The financial services industry may not be keen on cryptocurrency, but it’s definitively embracing blockchain as a whole, with a new study showing that the sector spent $1.7 billion on the technology just last year, and it’s only getting bigger.
This is where blockchain gets commercial.
According to U.S.-based Greenwich Associates market intelligence, budgetary spending for blockchain in the financial sector rose by an amazing 67 percent in 2017 to reach a spending level of $1.7 billion for the year.
It also showed that one in 10 of the 200 market participants interviewed had blockchain budgets of over $10 million. And of those institutions, 14 percent said they weren’t just spending on development; they have already deployed blockchain solutions.
Within the next two years, live blockchain products will be the norm, with the study showing that 75 percent of those projects in development will have been realized.
Last year, banks increased the number of dedicated staff for blockchain development, making it a job niche in and of itself. The study suggests that the average big bank now has close to 20 employees focused on this alone.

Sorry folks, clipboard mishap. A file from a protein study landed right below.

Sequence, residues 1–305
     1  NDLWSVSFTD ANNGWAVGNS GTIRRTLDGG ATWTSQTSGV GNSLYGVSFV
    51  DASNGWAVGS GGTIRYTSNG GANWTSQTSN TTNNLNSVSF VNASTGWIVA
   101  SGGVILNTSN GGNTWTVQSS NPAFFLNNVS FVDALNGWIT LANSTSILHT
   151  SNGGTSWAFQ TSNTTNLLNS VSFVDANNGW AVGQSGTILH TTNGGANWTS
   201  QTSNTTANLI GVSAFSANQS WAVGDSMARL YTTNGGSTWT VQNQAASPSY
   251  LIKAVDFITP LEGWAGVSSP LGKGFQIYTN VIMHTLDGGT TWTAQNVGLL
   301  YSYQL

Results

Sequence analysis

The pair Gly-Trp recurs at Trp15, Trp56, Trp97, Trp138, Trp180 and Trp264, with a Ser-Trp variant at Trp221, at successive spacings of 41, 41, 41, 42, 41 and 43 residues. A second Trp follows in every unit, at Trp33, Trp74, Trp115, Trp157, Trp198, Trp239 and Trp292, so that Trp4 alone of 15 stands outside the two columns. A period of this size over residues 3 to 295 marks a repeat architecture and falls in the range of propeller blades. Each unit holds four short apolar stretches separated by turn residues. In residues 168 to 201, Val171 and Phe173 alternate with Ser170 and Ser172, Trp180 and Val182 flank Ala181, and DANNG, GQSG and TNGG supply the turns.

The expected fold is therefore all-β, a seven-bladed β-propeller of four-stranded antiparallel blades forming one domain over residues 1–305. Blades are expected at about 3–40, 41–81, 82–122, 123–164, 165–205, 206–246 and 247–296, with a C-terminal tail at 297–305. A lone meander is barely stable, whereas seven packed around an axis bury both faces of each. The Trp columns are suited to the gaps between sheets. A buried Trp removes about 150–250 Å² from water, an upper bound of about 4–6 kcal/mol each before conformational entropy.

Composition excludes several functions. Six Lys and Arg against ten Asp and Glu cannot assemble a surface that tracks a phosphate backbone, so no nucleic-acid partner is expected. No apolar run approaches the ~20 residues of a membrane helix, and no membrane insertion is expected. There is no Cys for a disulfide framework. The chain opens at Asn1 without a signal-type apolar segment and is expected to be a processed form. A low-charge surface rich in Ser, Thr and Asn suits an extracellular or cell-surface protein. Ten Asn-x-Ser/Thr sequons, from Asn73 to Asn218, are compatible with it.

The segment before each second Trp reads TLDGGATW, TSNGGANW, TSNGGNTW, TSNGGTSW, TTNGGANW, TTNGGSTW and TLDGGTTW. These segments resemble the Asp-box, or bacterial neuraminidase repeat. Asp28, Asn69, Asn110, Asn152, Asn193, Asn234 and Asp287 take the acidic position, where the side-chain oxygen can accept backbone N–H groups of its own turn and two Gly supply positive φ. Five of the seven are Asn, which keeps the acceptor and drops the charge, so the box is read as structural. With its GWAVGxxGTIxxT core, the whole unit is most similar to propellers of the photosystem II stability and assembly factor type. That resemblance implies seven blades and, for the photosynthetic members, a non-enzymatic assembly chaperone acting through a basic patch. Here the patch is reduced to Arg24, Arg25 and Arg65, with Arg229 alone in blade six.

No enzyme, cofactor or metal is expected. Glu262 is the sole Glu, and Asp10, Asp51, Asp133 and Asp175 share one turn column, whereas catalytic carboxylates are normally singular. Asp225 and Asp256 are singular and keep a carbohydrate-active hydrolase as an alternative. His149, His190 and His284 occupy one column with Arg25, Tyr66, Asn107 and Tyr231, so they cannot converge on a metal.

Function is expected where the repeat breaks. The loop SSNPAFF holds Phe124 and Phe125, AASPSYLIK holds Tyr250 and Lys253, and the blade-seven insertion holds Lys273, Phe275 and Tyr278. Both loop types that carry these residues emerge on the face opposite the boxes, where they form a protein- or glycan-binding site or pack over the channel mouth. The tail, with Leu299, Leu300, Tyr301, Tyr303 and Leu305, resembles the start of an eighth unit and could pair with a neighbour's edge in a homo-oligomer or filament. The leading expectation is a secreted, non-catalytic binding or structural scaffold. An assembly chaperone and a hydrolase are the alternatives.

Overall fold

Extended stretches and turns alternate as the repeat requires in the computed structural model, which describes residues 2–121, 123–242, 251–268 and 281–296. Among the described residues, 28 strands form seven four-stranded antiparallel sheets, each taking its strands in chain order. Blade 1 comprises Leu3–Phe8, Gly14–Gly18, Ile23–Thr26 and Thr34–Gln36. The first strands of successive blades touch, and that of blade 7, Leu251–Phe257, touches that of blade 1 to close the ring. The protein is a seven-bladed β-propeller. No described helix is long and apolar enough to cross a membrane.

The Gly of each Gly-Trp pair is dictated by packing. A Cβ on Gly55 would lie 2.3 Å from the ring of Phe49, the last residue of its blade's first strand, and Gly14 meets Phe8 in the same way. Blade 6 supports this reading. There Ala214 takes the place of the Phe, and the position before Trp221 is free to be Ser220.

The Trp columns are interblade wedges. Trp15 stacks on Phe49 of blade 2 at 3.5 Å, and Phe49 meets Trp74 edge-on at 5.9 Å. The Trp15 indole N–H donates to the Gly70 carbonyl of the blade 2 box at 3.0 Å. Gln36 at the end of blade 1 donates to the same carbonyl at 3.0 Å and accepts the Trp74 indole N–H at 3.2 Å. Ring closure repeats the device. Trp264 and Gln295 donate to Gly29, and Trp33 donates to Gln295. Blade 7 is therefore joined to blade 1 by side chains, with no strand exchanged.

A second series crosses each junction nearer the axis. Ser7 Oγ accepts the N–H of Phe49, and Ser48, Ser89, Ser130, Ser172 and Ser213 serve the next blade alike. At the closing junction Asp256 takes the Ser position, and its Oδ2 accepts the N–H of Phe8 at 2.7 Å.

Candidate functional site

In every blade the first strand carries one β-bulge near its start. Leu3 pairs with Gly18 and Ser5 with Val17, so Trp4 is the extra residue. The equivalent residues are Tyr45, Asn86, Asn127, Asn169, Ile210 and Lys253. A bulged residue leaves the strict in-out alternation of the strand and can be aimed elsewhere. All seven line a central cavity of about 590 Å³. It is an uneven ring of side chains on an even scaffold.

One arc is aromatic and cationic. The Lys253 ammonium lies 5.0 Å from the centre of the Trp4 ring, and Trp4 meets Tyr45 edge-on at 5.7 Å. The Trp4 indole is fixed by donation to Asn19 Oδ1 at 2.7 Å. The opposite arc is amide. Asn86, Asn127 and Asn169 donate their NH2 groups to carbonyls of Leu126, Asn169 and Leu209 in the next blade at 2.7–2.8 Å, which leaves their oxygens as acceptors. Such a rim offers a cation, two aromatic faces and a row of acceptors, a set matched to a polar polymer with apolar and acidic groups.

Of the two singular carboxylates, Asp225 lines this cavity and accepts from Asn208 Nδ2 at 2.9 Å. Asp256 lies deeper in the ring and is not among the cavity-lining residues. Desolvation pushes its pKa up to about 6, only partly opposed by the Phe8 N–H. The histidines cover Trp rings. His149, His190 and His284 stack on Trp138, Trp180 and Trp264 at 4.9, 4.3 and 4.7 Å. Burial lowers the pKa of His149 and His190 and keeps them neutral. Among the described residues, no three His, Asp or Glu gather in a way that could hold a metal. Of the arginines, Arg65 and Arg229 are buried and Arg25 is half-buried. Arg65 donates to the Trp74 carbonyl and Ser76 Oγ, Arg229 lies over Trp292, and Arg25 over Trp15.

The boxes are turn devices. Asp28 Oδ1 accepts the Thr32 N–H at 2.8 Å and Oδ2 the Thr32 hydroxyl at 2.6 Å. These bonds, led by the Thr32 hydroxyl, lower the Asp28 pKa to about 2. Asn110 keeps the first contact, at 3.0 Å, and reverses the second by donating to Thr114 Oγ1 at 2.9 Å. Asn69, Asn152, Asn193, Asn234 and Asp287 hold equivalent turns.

There have been other hints, as well, that blockchain has started down the path of true commercialization. And the financial services industry isn’t the only one with deep blockchain pockets—not even close.
IBM is in the middle of a revival that is underpinned by blockchain, its new savior. The tech giant saw its revenue dip for 22 quarters to December, and its recovery is now about getting in front of this new technology. It’s doing exactly that. Related: Will Russia Profit From The World Cup?
Last month, IBM announced plans to hire some 1,800 people—mostly blockchain researchers—at a new branch in France. It’s also launching blockchain pilot projects in everything from finance, health care, supply chain and logistics to the environment and humanitarian causes.
In fact, it’s become a blockchain leader in these early days, with a recent survey showing that 43 percent of enterprises rank IBM first in this area.
And blockchain hit a major milestone in May when a big player in the financial services sector made history.
British HSBC bank became famous for making the world’s first commercially viable trade finance transaction using blockchain. HSBC issued a letter of credit for Cargill using blockchain to facilitate the bulk shipment of soybeans from Argentina to Malaysia.
From here, it’s all downhill for blockchain even if it doesn’t happen overnight.
According to a recent blockchain trend report by Gartner, it will be slow but inevitable. Through 2022, around 10 percent of enterprises will have achieved some form of “radical transformation” through blockchain technology. By 2022, Gartner predicts, there will be at least one innovative business built on blockchain technology that will be worth $10 billion.
But by 2030, it’s all about blockchain: Gartner predicts that the business value added by blockchain will surge to more than $3.1 trillion.
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By Damir Kaletovic for Safehaven.com
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